Moreover, we become so reliant on virtual information that upon withdrawal from it we experience real symptoms which can ultimately be classified as an addiction.

It has become much easier to dispense an email than face-to-face discussion or play video games than kick a ball around in a park with friends – all this being delivered virtually.

How Our Modern Attitude Towards Food Is Undermining Our Health


The abundance of food today has directly caused a slew of health problems due to its contribution to problematic eating habits.

Our natural preference for fatty and sugary foods, of course, gives us the necessary energy for survival when resources are limited– but what happens when that mentality is carried over into an excess of food today?

Eating more than we should because of this leads to an excessive amount being stored as fat in our bodies.

The result? One out of four people in developed countries such as Europe, Australia and North America already experience obesity, which puts them at risk for diseases like heart disease, diabetes and cancer.

It’s known that people rely on visual clues to guide their consumption rather than relying on actual hunger levels.

A great example would be a study that invited students to a dinner with continuously refilling bowls – the eaters didn’t appear too full since their bowls were full, causing them to actually consume more than they originally anticipated!

Why We’Re Driven To Consume More Than We Need

The relentless craze for the latest materials among many people today is a sign of discontentment and unhappiness.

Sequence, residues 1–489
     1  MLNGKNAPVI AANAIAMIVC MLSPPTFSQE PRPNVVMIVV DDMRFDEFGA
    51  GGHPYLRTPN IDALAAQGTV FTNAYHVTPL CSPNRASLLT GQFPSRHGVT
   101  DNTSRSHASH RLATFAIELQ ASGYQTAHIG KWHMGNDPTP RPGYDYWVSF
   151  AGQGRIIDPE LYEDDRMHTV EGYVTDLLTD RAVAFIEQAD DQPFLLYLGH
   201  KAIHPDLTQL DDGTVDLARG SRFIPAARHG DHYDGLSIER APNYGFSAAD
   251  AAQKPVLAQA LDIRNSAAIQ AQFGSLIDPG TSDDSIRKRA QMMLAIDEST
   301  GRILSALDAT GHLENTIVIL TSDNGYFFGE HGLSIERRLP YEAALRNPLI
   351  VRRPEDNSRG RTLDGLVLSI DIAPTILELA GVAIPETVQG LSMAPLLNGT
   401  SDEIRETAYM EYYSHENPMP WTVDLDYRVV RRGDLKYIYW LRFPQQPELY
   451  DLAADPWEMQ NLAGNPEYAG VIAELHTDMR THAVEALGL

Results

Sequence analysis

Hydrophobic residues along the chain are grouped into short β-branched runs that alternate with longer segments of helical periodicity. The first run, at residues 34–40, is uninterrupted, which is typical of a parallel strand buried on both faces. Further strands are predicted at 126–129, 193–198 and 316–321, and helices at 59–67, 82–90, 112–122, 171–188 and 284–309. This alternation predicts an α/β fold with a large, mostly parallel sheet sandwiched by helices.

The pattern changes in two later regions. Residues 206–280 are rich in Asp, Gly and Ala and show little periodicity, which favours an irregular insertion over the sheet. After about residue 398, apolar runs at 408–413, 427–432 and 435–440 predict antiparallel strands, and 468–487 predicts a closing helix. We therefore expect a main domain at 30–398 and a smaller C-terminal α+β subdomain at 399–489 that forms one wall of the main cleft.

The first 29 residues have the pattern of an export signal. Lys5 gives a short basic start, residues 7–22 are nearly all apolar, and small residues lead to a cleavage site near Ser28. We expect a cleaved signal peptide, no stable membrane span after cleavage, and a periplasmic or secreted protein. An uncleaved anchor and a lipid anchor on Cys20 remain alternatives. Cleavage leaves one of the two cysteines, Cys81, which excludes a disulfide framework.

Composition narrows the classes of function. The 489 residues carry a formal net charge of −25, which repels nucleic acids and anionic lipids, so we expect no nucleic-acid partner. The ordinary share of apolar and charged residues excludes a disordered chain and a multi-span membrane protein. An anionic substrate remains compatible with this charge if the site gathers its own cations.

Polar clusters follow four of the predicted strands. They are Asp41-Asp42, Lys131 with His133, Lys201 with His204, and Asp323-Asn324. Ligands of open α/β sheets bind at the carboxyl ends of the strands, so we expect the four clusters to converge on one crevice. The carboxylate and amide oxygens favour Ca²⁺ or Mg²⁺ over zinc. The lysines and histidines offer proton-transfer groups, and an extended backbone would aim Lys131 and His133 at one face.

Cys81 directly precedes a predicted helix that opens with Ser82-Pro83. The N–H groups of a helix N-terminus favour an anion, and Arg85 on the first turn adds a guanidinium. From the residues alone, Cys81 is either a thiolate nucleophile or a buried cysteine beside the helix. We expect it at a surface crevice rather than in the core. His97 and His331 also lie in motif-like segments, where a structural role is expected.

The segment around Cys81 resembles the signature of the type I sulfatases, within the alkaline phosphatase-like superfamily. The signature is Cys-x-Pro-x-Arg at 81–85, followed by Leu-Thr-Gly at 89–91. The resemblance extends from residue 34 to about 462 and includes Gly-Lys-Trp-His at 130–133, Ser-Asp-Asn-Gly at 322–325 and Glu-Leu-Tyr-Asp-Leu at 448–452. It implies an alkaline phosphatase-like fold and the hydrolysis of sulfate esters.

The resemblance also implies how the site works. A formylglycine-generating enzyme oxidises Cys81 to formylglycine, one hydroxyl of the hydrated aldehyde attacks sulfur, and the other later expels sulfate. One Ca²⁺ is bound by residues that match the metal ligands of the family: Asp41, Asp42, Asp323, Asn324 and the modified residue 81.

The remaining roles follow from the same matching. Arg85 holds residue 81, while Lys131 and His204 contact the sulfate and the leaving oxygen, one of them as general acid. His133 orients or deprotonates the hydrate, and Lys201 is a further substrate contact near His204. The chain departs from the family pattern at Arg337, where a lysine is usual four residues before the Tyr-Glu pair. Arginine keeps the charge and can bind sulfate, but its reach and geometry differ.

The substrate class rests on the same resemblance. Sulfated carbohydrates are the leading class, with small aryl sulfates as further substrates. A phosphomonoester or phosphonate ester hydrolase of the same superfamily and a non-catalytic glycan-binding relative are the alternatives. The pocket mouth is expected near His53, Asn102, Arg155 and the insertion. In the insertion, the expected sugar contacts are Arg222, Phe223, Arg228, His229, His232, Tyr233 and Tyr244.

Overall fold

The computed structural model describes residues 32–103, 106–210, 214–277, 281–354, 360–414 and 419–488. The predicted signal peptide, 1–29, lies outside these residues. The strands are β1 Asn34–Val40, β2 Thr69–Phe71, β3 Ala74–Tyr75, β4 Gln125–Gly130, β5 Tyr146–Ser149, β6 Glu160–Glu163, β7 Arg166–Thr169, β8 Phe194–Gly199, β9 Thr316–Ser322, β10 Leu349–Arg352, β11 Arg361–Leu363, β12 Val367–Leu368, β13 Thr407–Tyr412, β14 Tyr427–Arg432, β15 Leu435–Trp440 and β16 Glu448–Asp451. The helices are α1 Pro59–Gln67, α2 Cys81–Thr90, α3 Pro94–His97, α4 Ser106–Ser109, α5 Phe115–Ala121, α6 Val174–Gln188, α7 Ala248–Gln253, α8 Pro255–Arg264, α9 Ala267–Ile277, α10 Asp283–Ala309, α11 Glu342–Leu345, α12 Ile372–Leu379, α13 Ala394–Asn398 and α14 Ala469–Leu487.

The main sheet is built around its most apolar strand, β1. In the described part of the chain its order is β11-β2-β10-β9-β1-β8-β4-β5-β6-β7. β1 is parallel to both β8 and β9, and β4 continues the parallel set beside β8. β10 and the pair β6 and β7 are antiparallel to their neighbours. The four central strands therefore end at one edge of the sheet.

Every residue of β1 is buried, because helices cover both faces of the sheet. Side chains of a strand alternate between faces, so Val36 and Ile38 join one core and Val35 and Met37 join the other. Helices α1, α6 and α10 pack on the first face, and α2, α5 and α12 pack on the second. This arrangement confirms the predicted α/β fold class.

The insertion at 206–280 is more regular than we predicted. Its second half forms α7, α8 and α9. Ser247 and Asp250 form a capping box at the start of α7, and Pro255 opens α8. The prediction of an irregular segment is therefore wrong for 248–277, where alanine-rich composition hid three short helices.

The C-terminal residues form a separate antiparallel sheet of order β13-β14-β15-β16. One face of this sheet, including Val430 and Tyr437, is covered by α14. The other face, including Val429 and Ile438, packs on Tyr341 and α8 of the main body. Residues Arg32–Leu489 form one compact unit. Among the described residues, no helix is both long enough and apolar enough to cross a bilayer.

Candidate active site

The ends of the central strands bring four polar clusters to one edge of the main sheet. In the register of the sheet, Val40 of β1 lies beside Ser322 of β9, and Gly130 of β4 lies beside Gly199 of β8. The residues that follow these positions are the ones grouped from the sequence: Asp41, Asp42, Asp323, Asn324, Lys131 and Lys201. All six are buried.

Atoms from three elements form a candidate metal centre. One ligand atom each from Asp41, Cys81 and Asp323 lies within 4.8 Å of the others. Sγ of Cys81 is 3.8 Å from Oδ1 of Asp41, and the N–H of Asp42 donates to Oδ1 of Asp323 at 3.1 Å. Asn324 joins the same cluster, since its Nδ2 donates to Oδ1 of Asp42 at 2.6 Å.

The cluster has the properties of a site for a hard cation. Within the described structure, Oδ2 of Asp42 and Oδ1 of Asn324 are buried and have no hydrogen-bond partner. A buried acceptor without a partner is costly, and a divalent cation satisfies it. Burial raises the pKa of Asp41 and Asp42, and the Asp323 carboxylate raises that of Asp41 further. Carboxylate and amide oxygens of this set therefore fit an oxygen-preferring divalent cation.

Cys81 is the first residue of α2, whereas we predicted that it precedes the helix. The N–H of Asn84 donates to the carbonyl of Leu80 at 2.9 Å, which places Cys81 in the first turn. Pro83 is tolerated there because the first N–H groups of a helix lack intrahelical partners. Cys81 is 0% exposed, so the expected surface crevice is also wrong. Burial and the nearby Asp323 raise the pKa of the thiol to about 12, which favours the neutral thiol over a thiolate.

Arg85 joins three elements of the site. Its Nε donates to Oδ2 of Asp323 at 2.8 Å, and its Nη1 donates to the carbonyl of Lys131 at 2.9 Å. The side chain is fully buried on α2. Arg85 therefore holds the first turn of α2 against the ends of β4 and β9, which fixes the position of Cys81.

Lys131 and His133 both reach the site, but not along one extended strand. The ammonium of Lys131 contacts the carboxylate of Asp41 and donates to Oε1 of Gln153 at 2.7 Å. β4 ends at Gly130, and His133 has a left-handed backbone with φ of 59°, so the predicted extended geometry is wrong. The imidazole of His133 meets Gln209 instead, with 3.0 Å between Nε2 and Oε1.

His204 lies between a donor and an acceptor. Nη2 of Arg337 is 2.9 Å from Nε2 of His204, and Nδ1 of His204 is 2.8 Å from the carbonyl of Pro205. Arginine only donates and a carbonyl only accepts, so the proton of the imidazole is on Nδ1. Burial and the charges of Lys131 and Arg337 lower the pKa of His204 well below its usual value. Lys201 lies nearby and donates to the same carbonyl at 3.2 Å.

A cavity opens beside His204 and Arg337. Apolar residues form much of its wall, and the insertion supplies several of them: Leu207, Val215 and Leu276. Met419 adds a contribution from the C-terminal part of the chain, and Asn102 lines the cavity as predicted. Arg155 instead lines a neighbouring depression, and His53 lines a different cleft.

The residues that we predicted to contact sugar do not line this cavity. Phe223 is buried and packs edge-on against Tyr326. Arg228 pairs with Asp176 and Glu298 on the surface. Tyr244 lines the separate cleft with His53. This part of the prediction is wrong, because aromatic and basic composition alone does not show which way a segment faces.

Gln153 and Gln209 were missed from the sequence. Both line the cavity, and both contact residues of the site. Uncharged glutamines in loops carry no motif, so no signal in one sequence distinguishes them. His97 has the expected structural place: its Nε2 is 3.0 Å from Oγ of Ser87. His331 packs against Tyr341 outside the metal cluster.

This can be attributed to our genetic pre-disposition to archive and collect as much as possible, something that archaeologists have confirmed with their discovery of numerous hand-axes in neolithic caves.

Our urge to acquire material objects often leads us to search endlessly until we make a purchase, as it triggers our brains to release the hormone dopamine which brings excitement.

However, once the transaction has been made, we usually regret it and set out on another shopping spree in order to re-experience the feeling of euphoria before.

In addition to this, we are drawn towards materials because deep-down we strive for self-improvement which is associated with owning certain items such as a sports car or yacht.

As much as they might briefly bring joy, it’s often short-lived and doesn’t provide everlasting satisfaction from within.

The Dangers Of Workaholism: Why Overworking Only Leads To Unhappiness

Work has become our new addiction.

In Europe and the US, workaholism is a growing phenomenon, with people viewing their jobs as a sign of success and virtue.

But this hard-working lifestyle isn’t healthy.

Studies have revealed that regularly working more than 41 hours per week increases the risk of high blood pressure.

In fact, it’s become so serious that there are now programs dedicated to treating workaholism just like any other addiction, such as Workaholics Anonymous in Britain.

The reason we overwork ourselves is different from any other addiction: workaholics think that by working more they’ll feel better, but the reality is far from it.

Even if people get promotions or make it to Forbes’ list – these successes do not truly lead to greater happiness or life satisfaction.

So why keep striving for it? That answer lies in the struggles that many go through in their personal relationships at home; many turn to work as an escape from emotional issues which can be too difficult to confront directly.

Overworking may not save a collapsing marriage, but for some it can offer temporary relief.

It’s clear that working longer doesn’t do us any favors; unfortunately we still live in a society where pushing yourself beyond your limits is seen as noble and necessary for success – but this could not be further from the truth!